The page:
From Middle English juel, jewel, juwel, jeuel, jowel, from Anglo-Norman juel, from Old French jouel, joel, joiel, of uncertain origin. Perhaps based ultimately on Latin gaudium (“joy”), or on Latin iocus (“joke; jest”). Compare Medieval Latin jocale.
jewel (plural jewels)
- A precious or semi-precious stone; gem, gemstone.
- A valuable object used for personal ornamentation, especially one made of precious metals and stones; a piece of jewellery.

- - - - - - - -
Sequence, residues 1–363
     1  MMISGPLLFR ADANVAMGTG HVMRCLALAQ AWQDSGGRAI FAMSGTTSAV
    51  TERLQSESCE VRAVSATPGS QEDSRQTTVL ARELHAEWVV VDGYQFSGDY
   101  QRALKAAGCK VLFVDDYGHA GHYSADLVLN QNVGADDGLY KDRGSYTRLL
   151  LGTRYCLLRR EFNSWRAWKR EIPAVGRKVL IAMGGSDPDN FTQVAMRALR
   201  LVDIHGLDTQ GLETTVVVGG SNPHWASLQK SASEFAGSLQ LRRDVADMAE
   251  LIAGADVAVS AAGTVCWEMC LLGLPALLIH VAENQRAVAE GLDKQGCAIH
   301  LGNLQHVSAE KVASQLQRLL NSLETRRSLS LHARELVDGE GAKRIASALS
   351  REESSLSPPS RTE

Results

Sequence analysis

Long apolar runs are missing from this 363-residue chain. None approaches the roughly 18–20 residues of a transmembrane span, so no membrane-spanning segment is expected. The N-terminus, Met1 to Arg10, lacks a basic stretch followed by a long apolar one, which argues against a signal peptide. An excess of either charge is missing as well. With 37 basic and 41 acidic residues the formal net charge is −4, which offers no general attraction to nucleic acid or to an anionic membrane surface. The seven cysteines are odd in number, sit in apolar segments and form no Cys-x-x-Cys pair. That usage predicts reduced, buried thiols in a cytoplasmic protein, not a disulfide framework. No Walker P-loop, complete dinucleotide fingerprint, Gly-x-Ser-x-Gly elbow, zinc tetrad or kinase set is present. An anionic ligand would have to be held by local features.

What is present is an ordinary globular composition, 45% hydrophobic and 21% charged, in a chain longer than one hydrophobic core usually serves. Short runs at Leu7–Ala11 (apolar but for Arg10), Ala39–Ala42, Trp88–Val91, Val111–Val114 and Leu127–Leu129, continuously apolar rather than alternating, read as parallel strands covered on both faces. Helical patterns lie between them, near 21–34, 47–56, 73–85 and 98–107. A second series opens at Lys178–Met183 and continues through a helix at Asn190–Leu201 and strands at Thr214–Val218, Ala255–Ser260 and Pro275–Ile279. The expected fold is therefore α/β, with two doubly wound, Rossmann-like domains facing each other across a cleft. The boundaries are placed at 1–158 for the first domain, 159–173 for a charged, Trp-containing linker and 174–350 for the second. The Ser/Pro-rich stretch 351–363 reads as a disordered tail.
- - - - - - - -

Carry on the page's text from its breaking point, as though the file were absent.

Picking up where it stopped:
- (figuratively) Anything considered precious or valuable.
Galveston was the jewel of Texas prior to the hurricane.
c. 1610–1611, William Shakespeare, “The VVinters Tale”, in Mr. William Shakespeares Comedies, Histories, & Tragedies: Published According to the True Originall Copies (First Folio), London: Printed by